- Apply polyurethane to the patch test area and wait for at least 24 hours.
- Check the finish once the day has passed. It should be smooth without ripples and shouldn’t peel or scratch off when you rub a coin against it with moderate pressure.
How To Apply Polyurethane
Now that you’ve patch tested and are happy with the results, we can start with our main finishing process. Let me take you through the best way to apply polyurethane to stained wood, step by step.
(Note that if you need to stain your wooden piece to a darker color, you must do that before sealing it in with polyurethane.)
- Before you dip your brushes into the polyurethane, you need to prep your wood first. Since polyurethane is essentially a plastic material, it accentuates any inconsistencies or surface imperfections. Before applying, make sure to sand the wooden surface that you want to seal properly.
- Sand the area till it’s perfect for the finish. For better results, sand with a 100 grit medium sandpaper followed by a 150 and a 220 grit sandpaper for the most refined finish.
- Once the wooden piece is free of blemishes, remove the remaining dust and debris from the surface with the help of a tack cloth.
- Now it’s time to prepare the sealant by thinning out your oil-based polyurethane by pouring 2 parts polyurethane and 1 part mineral spirit into a bucket.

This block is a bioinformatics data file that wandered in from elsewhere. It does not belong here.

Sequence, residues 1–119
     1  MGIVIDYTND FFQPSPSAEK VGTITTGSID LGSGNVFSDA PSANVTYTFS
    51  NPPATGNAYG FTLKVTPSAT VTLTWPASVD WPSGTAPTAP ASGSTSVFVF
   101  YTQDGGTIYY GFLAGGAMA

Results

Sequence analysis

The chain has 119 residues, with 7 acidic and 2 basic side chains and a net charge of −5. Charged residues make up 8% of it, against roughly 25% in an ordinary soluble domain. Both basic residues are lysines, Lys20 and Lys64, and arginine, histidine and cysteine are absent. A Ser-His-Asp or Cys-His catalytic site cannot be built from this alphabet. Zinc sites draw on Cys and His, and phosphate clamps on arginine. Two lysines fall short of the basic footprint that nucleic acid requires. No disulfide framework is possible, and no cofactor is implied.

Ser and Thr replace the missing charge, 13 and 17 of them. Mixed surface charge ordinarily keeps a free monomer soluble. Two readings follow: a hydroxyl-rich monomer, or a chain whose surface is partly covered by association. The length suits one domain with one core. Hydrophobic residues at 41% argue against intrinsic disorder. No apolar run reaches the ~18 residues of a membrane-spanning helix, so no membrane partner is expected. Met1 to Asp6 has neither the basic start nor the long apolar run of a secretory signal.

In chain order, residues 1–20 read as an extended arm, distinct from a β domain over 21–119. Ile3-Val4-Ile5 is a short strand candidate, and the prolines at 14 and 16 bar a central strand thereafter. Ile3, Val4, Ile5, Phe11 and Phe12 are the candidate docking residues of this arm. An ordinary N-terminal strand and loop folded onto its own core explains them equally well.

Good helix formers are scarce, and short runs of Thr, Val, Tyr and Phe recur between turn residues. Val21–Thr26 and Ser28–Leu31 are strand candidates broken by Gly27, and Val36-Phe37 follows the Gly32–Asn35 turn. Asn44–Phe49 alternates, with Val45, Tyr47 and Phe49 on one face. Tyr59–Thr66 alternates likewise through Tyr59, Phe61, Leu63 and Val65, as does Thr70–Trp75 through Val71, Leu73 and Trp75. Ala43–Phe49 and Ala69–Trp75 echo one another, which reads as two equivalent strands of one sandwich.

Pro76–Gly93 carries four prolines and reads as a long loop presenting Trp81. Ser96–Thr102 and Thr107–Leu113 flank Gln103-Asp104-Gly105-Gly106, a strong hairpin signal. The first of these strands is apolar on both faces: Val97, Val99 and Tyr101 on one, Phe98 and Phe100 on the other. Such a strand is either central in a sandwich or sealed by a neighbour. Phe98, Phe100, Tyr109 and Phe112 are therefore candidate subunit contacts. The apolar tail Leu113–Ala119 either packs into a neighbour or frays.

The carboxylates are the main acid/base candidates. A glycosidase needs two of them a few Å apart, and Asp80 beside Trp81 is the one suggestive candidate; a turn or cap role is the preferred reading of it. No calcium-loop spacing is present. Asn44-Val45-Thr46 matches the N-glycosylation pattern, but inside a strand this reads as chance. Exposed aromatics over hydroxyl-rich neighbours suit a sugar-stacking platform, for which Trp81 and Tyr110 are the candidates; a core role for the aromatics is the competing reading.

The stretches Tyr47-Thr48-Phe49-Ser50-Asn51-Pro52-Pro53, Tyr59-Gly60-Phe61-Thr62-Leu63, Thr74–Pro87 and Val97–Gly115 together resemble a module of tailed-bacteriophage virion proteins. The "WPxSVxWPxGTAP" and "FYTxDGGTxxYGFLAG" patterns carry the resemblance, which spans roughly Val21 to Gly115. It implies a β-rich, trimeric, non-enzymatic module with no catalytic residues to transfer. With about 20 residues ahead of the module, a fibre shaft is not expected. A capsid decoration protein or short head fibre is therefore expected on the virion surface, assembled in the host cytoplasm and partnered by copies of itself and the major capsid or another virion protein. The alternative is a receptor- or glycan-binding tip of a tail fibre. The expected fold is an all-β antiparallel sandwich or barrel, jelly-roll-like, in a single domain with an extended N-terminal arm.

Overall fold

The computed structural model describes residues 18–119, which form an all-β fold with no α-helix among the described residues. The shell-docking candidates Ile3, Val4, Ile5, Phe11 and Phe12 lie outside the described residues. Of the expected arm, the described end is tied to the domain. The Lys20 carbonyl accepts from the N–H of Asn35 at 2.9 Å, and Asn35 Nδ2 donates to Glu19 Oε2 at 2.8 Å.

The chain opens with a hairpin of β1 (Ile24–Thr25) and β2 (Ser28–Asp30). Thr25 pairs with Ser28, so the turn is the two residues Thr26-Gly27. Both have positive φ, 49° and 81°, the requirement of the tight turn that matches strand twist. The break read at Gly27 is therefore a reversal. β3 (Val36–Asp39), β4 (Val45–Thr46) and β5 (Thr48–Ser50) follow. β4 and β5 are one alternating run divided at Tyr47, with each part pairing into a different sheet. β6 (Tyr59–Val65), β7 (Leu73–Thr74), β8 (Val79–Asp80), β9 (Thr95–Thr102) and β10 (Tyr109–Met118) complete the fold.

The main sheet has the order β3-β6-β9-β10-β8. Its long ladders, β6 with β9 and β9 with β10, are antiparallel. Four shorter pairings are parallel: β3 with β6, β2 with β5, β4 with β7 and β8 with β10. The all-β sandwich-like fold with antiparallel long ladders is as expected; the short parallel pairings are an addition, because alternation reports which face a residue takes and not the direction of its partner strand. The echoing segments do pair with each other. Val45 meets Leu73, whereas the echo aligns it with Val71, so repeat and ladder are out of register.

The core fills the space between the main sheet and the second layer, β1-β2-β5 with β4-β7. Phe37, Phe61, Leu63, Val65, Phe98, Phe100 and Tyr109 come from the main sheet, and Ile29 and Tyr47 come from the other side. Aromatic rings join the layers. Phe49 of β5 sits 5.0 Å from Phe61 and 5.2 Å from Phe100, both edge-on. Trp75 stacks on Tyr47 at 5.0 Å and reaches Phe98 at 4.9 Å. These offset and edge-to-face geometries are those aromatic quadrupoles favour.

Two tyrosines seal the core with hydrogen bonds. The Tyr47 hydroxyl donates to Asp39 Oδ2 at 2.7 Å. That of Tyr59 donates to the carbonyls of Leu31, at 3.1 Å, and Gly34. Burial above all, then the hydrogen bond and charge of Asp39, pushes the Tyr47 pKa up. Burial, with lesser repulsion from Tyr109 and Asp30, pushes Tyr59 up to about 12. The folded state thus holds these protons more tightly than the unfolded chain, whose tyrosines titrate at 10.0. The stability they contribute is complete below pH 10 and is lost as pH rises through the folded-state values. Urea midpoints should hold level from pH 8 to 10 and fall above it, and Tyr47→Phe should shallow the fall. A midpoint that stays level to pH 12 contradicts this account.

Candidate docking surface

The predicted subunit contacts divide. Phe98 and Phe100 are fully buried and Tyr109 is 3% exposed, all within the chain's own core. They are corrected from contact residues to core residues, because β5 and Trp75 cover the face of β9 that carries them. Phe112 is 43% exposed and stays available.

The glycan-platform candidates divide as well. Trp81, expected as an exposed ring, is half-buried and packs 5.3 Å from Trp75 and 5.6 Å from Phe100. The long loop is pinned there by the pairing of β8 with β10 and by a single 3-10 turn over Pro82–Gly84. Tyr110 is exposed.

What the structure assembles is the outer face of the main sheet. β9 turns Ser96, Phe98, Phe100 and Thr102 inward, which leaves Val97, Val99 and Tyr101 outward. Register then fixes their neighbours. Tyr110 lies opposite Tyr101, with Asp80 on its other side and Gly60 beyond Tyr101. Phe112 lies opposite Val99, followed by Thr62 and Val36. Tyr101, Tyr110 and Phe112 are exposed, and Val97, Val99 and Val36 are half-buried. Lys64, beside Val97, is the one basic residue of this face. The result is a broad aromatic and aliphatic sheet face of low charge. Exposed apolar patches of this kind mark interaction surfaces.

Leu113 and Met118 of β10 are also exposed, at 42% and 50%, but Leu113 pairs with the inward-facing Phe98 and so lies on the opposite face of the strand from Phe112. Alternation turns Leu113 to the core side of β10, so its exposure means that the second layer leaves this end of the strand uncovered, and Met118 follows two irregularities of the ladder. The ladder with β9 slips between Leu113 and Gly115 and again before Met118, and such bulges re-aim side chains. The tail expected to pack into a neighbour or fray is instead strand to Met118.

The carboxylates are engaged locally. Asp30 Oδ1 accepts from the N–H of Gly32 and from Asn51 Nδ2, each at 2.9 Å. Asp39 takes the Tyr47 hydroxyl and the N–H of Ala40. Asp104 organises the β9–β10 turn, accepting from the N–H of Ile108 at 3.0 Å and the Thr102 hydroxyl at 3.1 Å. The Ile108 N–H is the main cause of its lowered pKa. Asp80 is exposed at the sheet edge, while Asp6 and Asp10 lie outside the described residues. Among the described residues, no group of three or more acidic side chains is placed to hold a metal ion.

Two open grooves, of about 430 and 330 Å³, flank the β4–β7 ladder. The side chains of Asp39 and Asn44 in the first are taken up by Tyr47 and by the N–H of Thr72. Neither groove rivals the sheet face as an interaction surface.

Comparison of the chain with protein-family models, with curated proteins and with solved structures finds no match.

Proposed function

- Mix them with a wooden stick until they form a homogenous mixture.
- Apply the sealer with a natural bristle brush in even long strokes. I recommend using a brush with natural bristles because synthetic ones can cause air bubbles that are difficult to get rid of.
- Coat the edges evenly and catch any drips with the ends of your brush to make the surface smooth.
- Once you’re done, wait 24 hours for it to dry.
- After your first coat has dried evenly, it’s time to apply a second coat. Repeat the same process as the first coat and use long even strokes.
- Let it dry again for 24 hours.
- Once your second coat is dry, it’s time to perfect the application by lightly sanding or shaving off any polyurethane bumps and imperfections.
- Dampen the tack cloth with water and use a rubbing compound in circular motions that’ll help remove any scratches.
- Once dry, wipe the surface with a dry cloth.
- Usually, 2 coats for an oil-based polyurethane is enough, but if you want to add more shine, wait a few days and polish the wooden surface with a polishing compound instead of going for a third coat.
- If you’re using water-based polyurethane, you may need to apply multiple coats to get the results you want, but thankfully, they dry pretty quickly for it not to become a week-long process.
What Is The Best Way To Apply Polyurethane To Wood?
The best way to apply polyurethane to wood is by using a brush with natural bristles in long, even strokes. Remember to keep the application thin and avoid rubbing the brush against the can to prevent air bubbles. Let the first coat dry off completely before applying the next one.
How Do I Get A Smooth Finish With Polyurethane?
The most effective way to get a smooth finish with polyurethane is to dry sand your final coat. The second way is to use a combination of wet and dry sanding and mineral spirits. You can also use a polishing compound at the end.
Can I Apply Polyurethane Directly To Wood?
Polyurethane can be applied directly onto a wooden surface but make sure to clean, sand, and dust off the surface for a smoother and cleaner finish.
Applying Polyurethane for Your Wood Floor
I hope this guide was informative and helped you make the right choice for your wooden furniture and floorings. You’ll be done before you know it if you follow the instructions above. Just remember to have fun with it and let us know how it goes in the comment section below!